The standard biography is A. B. Hart’s Salmon Portland Chase in the “American Statesmen Series” (1899). Less philosophical, but containing a greater wealth of detail, is J. W. Shuckers’ Life and Public Services of Salmon Portland Chase (New York, 1874). R. B. Warden’s Account of the Private Life and Public Services of Salmon Portland Chase (Cincinnati, 1874) deals more fully with Chase’s private life.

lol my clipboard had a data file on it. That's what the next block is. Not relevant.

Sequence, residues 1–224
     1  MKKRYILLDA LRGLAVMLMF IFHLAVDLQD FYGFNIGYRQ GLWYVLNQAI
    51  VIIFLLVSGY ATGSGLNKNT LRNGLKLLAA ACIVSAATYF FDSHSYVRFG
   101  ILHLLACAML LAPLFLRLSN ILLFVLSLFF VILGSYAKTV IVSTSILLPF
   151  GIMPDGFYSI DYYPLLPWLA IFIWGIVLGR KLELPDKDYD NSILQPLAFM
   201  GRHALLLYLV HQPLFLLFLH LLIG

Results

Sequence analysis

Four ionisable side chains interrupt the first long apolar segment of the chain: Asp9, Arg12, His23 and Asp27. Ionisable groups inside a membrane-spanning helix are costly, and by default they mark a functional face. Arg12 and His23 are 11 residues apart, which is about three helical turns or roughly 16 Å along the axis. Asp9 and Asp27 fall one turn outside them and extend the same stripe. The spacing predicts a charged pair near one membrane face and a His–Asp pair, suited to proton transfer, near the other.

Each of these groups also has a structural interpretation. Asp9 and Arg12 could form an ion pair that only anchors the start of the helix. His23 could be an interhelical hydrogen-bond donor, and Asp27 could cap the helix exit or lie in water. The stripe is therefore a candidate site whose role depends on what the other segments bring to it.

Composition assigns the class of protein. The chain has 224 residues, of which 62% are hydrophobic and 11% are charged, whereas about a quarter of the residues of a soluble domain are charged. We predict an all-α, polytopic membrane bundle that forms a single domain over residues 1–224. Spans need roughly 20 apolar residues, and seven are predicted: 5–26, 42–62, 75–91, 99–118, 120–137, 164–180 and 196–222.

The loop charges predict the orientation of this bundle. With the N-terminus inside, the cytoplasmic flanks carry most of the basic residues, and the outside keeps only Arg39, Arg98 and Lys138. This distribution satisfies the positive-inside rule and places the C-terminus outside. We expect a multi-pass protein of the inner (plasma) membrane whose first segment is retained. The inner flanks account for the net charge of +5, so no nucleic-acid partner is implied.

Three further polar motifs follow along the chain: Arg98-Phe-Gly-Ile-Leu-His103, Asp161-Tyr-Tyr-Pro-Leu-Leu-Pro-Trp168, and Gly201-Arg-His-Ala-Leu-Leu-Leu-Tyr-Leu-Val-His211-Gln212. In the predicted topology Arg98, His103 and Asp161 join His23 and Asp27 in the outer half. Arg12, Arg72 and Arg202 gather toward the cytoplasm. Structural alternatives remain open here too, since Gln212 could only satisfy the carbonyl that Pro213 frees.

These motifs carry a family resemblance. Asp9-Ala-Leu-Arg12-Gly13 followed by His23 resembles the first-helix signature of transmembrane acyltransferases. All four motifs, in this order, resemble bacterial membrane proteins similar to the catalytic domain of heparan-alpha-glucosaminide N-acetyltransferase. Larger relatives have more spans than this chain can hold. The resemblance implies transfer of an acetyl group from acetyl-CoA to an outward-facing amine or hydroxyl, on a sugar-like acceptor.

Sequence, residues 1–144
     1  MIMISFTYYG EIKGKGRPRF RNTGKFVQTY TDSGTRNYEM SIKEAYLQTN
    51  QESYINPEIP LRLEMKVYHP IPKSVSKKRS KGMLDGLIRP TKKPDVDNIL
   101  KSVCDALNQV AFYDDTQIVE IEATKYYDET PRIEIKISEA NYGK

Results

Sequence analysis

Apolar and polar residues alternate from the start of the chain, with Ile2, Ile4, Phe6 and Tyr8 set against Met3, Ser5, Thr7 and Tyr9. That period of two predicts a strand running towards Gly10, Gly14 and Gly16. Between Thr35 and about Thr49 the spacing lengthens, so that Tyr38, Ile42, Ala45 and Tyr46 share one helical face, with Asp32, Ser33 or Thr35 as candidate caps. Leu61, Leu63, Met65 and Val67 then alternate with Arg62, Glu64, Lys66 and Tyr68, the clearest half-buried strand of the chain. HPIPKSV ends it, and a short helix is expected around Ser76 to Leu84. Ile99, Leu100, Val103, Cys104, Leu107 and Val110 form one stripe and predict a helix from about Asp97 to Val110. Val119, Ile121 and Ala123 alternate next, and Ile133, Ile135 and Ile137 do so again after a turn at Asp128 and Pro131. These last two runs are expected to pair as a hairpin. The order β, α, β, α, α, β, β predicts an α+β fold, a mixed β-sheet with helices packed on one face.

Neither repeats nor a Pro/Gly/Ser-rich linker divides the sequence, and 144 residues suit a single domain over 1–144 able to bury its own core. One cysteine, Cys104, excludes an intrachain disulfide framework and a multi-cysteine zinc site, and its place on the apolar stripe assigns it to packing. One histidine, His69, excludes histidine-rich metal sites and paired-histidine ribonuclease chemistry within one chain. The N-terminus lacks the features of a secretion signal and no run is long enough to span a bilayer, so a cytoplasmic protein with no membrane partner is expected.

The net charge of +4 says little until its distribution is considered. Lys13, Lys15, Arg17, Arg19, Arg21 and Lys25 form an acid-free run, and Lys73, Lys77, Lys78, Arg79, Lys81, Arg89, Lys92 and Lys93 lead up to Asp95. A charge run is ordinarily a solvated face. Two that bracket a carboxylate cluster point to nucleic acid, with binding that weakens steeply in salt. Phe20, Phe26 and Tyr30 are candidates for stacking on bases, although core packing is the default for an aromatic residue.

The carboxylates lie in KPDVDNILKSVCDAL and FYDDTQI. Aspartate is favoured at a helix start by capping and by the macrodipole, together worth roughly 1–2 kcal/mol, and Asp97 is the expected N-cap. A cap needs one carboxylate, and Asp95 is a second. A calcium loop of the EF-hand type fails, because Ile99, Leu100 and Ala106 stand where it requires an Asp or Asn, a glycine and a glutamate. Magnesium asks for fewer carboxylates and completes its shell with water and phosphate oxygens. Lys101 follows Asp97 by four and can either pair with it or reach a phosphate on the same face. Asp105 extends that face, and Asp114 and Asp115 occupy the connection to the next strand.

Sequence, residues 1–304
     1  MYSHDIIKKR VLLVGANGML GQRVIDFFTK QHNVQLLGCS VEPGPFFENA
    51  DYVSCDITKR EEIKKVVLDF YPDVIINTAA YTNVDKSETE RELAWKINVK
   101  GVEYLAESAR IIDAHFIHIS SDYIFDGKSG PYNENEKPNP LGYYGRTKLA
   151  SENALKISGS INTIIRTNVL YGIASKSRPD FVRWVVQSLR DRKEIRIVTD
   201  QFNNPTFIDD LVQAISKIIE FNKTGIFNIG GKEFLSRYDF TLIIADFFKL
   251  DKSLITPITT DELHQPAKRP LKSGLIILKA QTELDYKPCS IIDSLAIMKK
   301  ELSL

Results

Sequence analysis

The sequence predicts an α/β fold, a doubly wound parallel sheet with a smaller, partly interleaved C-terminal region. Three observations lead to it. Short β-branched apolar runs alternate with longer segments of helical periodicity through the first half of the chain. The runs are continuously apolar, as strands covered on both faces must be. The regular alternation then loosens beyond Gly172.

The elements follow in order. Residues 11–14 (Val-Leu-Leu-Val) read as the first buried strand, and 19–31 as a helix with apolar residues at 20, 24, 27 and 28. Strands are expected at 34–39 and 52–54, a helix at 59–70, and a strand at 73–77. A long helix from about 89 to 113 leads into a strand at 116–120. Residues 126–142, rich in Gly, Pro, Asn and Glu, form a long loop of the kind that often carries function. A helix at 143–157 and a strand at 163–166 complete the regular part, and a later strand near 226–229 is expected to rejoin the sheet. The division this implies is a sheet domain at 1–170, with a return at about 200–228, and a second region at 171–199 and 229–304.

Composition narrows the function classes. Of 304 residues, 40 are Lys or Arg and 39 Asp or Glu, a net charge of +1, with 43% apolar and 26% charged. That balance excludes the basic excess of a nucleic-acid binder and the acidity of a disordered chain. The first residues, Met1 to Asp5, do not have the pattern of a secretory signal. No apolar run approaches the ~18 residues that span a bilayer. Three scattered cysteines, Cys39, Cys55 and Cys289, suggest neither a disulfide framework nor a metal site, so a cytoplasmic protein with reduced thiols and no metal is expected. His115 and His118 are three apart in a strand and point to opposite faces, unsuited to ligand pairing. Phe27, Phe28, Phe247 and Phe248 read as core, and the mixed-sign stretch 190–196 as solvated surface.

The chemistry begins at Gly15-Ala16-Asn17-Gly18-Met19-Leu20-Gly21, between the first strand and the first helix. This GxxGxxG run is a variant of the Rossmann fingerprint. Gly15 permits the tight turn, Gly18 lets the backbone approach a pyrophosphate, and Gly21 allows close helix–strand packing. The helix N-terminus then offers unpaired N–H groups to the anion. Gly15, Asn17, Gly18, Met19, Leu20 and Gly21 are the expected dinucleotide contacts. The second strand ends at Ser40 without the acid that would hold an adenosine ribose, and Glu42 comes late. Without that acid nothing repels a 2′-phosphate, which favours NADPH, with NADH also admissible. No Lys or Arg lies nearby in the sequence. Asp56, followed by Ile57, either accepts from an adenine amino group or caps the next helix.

CHASE, SAMUEL (1741–1811), American jurist, was born in Somerset county, Maryland, on the 17th of April 1741. He was admitted to the bar at Annapolis in 1761, and for more than twenty years was a member of the Maryland legislature. He took an active part in the resistance to the Stamp Act, and from 1774 to 1778 and 1784 to 1785 was a member of the Continental Congress. With Benjamin Franklin and Charles Carroll he was sent by Congress in 1776 to win over the Canadians to the side of the revolting colonies, and after his return did much to persuade Maryland to advocate a formal separation of the thirteen colonies from Great Britain, he himself being one of those who signed the Declaration of Independence on the 2nd of August 1776. In this year he was also a member of the convention which framed the first constitution for the state of Maryland. After serving in the Maryland convention which ratified for that state the Federal Constitution, and there vigorously opposing ratification, though afterwards he was an ardent Federalist, he became in 1791 chief judge of the Maryland general court, which position he resigned in 1796 for that of an associate justice of the Supreme Court of the United States. His radical Federalism, however, led him to continue active in politics, and he took advantage of every opportunity, on the bench and off, to promote the cause of his party. His overbearing conduct while presiding at the trials of John Fries for treason, and of James Thompson Callender (d. 1813) for seditious libel in 1800, drove the lawyers for the defence from the court, and evoked the wrath of the Republicans, who were stirred to action by a political harangue on the evil tendencies of democracy which he delivered as a charge to a grand jury at Baltimore in 1803. The House of Representatives adopted a resolution of impeachment in March 1804, and on the 7th of December 1804 the House managers, chief among whom were John Randolph, Joseph H. Nicholson (1770–1817), and Caesar A. Rodney (1772–1824), laid their articles of impeachment before the Senate. The trial, with frequent interruptions and delays, lasted from the 2nd of January to the 1st of March 1805. Judge Chase was defended by the ablest lawyers in the country, including Luther Martin, Robert Goodloe Harper (1765–1825), Philip Barton Key (1757–1815), Charles Lee (1758–1815), and Joseph Hopkinson (1770–1842). The indictment, in eight articles, dealt with his conduct in the Fries and Callender trials, with his treatment of a Delaware grand jury, and (in article viii.) with his making “highly indecent, extra-judicial” reflections upon the national administration, probably the greatest offence in Republican eyes. On only three articles was there a majority against Judge Chase, the largest, on article viii., being four short of the necessary two-thirds to convict. “The case,” says Henry Adams, “proved impeachment to be an impracticable thing for partisan purposes, and it decided the permanence of those lines of constitutional development which were a reflection of the common law.” Judge Chase resumed his seat on the bench, and occupied it until his death on the 19th of June 1811.